World’s largest tree burl burns in suspicious fire on Vancouver Island (PHOTOS/VIDEOS)
A Guinness world record attraction in Port McNeill — the world’s largest tree burl engulfed in flames from late Wednesday night till early Thursday morning in a fire that police “deemed suspicious.”
Authorities received a report of the fire at the roadside attraction around 1:29 am.
“Both the burl and its structure were fully engulfed in flames causing extensive damage to the uniquely large spruce growth. Its protective structure was completely destroyed,” Port McNeill RCMP said in a statement.
Port McNeill’s former mayor Gaby Wickstrom told Daily Hive that the burl represents the forestry heritage of Port McNeill, adding that some in the small town saw the fire as “a very personal attack.”
“It was gut-wrenching,” said Wickstrom. “It is a quirky oddity that people love to call their own and also come to see.”
Wickstrom helped arrange the volunteer effort to bring the burl to light from an active logging site as the president of the local Chamber of Commerce in 2005.
“Some of [the volunteers] have passed actually and their children or their grandchildren are on the fire department. I heard from one that it was quite devastating for her to see that occur.”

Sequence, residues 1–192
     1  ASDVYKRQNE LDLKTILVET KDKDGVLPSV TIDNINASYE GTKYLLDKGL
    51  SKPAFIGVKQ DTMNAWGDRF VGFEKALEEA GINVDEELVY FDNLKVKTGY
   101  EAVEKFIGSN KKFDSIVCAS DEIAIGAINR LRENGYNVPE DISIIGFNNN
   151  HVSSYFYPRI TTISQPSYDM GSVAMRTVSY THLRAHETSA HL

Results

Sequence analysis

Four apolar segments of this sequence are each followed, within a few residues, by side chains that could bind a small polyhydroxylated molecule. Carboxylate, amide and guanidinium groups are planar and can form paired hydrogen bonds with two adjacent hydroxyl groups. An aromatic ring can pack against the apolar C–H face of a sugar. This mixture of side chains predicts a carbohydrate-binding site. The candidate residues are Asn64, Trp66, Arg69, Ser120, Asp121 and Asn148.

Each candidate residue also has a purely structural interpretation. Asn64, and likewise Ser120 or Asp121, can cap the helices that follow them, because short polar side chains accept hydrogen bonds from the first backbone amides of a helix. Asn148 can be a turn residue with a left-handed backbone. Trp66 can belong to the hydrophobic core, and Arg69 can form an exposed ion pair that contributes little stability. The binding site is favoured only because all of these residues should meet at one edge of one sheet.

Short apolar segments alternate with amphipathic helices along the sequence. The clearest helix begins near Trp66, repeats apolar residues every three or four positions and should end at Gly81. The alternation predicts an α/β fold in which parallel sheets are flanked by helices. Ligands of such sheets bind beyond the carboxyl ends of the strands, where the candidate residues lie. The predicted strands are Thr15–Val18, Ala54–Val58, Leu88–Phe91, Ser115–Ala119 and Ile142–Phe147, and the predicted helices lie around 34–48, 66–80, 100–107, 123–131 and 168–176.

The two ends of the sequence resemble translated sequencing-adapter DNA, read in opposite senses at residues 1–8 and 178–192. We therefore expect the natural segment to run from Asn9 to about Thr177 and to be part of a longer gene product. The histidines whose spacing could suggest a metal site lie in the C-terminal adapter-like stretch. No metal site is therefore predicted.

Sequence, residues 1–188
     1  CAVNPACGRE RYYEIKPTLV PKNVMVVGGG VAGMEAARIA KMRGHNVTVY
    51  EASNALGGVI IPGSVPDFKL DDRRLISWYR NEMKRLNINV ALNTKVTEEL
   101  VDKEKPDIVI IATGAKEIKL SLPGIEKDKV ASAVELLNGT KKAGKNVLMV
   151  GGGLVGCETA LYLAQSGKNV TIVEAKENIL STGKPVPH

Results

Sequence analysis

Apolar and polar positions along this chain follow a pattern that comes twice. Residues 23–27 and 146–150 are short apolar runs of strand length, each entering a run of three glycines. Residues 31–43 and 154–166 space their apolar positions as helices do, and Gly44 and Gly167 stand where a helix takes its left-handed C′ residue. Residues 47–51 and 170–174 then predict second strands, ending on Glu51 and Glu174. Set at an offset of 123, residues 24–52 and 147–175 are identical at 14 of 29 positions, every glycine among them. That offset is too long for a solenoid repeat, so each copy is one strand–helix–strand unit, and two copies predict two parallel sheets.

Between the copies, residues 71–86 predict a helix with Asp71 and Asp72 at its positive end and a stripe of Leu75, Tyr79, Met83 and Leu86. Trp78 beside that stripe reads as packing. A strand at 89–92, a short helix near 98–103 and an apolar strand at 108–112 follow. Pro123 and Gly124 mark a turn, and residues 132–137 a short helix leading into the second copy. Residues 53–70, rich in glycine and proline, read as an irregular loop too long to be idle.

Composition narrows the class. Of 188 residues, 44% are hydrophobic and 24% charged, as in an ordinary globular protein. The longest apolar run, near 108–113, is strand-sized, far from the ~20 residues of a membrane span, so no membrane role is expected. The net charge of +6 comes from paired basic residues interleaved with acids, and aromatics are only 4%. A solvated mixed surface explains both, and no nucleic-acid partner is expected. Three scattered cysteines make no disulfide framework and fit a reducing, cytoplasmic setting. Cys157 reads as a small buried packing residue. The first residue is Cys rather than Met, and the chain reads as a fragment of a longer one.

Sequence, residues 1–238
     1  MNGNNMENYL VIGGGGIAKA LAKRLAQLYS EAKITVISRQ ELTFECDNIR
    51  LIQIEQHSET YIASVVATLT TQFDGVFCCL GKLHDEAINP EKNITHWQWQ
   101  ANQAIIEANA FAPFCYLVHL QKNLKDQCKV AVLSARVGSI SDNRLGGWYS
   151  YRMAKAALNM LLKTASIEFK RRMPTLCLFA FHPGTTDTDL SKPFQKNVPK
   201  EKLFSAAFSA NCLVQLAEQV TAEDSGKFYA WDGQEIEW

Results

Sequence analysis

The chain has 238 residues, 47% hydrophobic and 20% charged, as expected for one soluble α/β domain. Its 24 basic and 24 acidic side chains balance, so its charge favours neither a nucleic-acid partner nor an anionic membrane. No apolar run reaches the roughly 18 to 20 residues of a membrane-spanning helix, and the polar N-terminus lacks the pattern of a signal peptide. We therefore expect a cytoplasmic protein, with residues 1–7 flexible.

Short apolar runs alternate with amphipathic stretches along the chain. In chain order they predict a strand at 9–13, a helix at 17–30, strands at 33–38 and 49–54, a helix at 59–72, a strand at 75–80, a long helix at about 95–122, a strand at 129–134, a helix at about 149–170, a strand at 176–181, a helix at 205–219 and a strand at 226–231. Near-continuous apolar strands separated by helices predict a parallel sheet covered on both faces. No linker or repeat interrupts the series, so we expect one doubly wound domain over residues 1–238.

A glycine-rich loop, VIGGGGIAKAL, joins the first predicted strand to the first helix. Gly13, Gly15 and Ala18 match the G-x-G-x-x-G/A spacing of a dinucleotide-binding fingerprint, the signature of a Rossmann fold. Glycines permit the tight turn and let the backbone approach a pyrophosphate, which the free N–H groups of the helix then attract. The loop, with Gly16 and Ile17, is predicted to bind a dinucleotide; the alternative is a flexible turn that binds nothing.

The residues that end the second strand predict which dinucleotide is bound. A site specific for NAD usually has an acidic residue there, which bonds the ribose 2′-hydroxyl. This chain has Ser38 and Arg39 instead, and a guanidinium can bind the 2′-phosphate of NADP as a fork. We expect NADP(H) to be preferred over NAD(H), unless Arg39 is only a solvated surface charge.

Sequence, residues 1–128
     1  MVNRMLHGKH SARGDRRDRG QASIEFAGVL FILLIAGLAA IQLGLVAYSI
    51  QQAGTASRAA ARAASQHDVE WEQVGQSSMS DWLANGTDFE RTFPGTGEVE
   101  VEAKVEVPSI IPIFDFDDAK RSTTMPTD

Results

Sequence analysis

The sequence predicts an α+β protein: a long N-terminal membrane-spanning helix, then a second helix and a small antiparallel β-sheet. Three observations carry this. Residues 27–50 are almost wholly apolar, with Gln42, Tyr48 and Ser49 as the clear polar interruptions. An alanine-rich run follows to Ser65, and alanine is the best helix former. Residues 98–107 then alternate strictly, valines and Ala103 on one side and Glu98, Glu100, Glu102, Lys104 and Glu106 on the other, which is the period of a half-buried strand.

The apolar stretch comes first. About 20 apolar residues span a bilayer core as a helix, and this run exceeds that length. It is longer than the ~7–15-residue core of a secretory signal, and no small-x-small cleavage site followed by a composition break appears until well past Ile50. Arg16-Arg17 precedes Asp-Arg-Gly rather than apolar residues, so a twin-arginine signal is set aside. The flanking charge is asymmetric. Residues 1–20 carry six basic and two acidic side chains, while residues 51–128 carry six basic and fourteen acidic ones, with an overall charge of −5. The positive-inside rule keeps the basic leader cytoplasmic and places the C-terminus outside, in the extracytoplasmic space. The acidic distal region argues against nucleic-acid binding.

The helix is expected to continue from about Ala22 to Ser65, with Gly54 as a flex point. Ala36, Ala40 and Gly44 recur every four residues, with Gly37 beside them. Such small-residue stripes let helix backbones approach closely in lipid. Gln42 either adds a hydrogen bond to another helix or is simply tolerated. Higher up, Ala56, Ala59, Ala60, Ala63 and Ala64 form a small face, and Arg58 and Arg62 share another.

However, Wickstrom said the fire chief told her in a text message that there might be a possibility that the burl could be saved.
This act of vandalism is heart breaking. I was the chamber president when we organized volunteers & brought the burl into Port McNeill. To some it might be a silly piece of wood, but others know this natural oddity draws visitors to our community. Such a shame.
Leena Prest photo pic.twitter.com/7n9d0KU4Pp
— Gaby Wickstrom (@GabyWickstrom) May 18, 2023
A tree burl is an irregular but usually rounded swelling on a tree trunk or stems. It is formed after insects, bacteria, fungi, or mistletoes cause disruption of growth hormones on the tree’s surface.
According to the Guinness world record, the now-charred wood structure is the largest preserved tree burl in the world, with an estimated weight of 30 tonnes.
Discovered in 2005, it was cut from a 525-year-old Holberg tree on northern Vancouver Island that was 6 m wide and 6 m tall with a circumference of around 13.7 m.
Port McNeill RCMP released CCTV pictures of two hooded suspects carrying what appears to be a yellow jerry can in the area when the fire started at around 11:19 pm on Wednesday.
Port McNeill RCMP said it is still in early investigation but believed the fire is “a deliberate act with the apparent intent to destroy the town’s prized point of interest.”